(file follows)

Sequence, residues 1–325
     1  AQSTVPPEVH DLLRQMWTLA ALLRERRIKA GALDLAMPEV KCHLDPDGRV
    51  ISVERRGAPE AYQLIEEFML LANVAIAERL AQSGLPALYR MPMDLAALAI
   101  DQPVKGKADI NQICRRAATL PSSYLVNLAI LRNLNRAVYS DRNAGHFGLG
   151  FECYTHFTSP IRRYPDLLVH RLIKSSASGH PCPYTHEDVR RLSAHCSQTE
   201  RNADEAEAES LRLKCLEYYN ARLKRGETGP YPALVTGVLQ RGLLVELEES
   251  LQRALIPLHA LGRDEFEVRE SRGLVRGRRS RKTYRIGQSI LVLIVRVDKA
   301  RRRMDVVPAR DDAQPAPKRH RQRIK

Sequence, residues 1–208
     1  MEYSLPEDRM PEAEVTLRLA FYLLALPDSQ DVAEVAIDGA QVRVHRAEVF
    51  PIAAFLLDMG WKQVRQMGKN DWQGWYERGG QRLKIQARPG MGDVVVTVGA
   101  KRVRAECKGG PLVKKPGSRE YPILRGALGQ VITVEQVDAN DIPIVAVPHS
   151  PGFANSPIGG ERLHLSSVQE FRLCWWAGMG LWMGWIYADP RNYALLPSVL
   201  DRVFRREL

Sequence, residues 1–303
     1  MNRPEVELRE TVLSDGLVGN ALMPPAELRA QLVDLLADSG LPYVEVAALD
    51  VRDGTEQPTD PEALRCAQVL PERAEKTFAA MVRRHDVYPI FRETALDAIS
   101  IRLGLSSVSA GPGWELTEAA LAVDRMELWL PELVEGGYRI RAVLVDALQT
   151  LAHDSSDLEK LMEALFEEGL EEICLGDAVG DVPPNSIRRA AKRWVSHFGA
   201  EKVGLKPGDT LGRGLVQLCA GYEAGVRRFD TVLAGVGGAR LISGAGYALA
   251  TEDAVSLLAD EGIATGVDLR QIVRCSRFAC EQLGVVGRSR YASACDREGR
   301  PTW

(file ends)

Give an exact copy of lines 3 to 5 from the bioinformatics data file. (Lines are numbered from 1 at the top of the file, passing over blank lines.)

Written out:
    51  ISVERRGAPE AYQLIEEFML LANVAIAERL AQSGLPALYR MPMDLAALAI
   101  DQPVKGKADI NQICRRAATL PSSYLVNLAI LRNLNRAVYS DRNAGHFGLG
   151  FECYTHFTSP IRRYPDLLVH RLIKSSASGH PCPYTHEDVR RLSAHCSQTE